|Project by jsheaney||posted 05-18-2013 09:27 PM||810 views||2 times favorited||4 comments|
This is one of those projects that I started a long time ago, set aside and finally finished. A handful of members of our woodworker’s guild decided to take a class, maybe four years ago or so. One of us really wanted to make a chair. I really didn’t care about making a chair; I just wanted to take a real class. None of us actually finished our chairs in the class, but that one member did finish his a couple of years later. I had done the arm and back assembly and I had tapered the legs and I had the remaining side pieces milled. And there they sat, in my shop.
The design was intended to be fairly simple. The workpieces are two arms, a back, four legs and four sides. Beyond that, the design was mostly dictated by the wood. Back then, I had never used cherry, so I wanted to make it out of cherry. But we bought a load of wood, sight unseen, for the class. The two cherry boards I received had quite a bit of sapwood, so the delicate design was mostly about removing as much sapwood as possible. Even so, there is still some visible.
It was really frustrating trying to get the angles right. I had to hit the mortises under the arms and it had to be very accurate. The four side (left and right) joints are compound angles. I started with one sliding bevel, but I quickly realized I would never be able to get it right. I bought a matched set of Veritas Sliding Bevels from Lee Valley. Totally awesome! Being able to keep both angles set for a joint made a huge difference. And the way the cam recesses into the body means you can use all four sides as references.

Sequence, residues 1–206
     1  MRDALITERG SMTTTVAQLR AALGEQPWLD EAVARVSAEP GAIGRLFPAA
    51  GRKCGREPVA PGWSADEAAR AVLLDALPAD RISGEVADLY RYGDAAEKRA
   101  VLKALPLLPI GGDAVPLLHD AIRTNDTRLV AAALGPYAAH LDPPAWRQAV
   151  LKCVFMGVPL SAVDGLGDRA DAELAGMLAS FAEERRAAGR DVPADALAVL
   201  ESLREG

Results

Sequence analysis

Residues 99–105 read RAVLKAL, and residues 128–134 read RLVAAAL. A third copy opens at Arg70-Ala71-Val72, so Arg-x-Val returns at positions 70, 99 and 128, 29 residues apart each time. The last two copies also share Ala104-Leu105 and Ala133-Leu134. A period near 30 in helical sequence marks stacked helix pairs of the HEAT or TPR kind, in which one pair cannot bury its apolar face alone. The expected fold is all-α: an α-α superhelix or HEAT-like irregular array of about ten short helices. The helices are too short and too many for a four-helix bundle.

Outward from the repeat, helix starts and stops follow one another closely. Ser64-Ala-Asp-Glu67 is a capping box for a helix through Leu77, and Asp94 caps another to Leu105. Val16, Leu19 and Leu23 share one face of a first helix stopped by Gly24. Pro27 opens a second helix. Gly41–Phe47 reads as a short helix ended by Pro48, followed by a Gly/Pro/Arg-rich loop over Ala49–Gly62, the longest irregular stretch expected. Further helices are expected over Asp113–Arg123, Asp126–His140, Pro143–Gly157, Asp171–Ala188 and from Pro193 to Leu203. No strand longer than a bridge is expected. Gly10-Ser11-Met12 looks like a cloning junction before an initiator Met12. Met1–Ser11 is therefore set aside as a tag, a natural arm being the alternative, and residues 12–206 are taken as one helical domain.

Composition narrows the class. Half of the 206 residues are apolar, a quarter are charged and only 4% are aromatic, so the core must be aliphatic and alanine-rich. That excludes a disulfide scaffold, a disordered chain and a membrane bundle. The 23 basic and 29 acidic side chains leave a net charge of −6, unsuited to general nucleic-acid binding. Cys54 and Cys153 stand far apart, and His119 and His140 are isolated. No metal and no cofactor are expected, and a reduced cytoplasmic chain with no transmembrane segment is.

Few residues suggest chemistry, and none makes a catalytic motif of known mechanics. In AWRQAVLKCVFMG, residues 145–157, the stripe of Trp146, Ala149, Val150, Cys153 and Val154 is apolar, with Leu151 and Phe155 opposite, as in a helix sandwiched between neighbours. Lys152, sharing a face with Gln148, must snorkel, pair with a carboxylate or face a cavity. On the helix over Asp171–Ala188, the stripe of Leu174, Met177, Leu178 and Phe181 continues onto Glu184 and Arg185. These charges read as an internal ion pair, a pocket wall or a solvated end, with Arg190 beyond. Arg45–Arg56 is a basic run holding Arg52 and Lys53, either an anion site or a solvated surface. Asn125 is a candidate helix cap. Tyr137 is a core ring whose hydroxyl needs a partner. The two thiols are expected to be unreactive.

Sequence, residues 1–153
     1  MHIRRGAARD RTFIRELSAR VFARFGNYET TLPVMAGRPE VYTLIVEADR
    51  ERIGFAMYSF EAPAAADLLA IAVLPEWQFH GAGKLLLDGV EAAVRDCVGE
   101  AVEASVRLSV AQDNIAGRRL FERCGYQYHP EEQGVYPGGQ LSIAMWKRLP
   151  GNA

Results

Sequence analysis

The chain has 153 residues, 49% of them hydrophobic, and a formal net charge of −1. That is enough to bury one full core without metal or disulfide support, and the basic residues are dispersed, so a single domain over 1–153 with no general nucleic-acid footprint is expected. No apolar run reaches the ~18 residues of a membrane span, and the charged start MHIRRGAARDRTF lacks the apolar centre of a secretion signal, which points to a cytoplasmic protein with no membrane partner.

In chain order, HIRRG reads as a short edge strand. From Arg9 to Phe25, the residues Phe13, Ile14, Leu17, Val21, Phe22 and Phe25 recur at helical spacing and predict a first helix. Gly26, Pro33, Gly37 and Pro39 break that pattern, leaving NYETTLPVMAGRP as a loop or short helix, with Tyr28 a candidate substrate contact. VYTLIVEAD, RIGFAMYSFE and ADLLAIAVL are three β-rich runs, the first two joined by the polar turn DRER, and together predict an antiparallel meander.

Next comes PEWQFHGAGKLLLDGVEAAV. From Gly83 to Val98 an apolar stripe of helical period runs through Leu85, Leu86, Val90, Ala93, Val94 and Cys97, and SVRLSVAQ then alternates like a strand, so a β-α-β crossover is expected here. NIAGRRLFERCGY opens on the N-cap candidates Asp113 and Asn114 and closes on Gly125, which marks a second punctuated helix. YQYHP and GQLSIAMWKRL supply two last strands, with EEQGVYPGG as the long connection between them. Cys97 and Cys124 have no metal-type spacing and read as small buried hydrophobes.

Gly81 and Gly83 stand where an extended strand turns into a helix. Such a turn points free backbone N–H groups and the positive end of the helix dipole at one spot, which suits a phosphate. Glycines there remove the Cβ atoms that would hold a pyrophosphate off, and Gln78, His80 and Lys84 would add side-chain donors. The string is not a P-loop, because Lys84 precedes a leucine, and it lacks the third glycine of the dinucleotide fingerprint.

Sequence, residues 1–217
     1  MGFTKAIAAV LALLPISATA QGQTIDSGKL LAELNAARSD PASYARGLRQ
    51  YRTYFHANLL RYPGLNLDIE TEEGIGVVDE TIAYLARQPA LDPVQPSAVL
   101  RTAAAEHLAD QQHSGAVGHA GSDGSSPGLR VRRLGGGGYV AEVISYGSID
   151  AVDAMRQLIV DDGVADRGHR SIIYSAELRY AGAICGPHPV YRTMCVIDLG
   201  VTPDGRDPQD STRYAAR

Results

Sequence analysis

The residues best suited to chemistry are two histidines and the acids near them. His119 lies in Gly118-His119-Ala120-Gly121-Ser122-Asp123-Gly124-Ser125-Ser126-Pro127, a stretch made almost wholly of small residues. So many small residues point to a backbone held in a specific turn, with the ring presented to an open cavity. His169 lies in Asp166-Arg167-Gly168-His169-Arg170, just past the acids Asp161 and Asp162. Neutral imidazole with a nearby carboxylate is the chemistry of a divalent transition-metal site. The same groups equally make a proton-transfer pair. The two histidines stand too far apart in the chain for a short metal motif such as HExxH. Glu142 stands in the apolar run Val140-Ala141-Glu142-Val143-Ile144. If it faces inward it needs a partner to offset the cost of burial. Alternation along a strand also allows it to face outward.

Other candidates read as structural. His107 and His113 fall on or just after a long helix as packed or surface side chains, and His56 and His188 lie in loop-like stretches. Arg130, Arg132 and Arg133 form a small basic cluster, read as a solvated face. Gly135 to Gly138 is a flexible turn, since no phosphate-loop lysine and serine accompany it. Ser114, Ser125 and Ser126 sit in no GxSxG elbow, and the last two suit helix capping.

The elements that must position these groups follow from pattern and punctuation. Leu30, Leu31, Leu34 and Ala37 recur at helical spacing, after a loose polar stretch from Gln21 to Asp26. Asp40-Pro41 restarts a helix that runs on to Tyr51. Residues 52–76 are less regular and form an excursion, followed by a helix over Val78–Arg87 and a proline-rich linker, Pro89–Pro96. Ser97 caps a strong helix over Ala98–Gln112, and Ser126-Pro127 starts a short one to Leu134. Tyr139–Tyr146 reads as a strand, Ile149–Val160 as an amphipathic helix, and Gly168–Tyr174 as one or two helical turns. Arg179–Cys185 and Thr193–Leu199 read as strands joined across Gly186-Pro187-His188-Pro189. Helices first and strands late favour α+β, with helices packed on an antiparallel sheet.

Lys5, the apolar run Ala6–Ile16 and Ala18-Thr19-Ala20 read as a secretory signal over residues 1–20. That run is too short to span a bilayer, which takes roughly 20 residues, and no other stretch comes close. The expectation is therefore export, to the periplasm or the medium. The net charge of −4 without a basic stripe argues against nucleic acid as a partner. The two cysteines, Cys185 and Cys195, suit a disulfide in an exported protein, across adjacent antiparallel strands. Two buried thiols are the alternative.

The rails inside supporting the slip seat incorporate a tongue that fits into grooves in the sides, so there’s a good mechanical connection along with the glue. Keeping some space between the ends of the rails and the legs give someplace for the fabric to go in the corners of the sleep seat.
I had never done a slip seat before. It’s 1/2” baltic ply with slots routed into it to provide some give. I didn’t want a big puffy cushion, so it’s about 3/4” of dense foam (camping mat) and some over an inch of softer foam. The seat is just set into the chair for now, but I did inset a 1/4-20 T-nut along each edge, so I can bolt it in place if I ever want to.
I used two or three coats of Bush Oil.
As delicate as it looks, I find it feels very sturdy. I was treating it as just a class project, but it turned out better than I expected. I’m glad I finished it…finally!
-- Disappointment is an empty box full of expectation.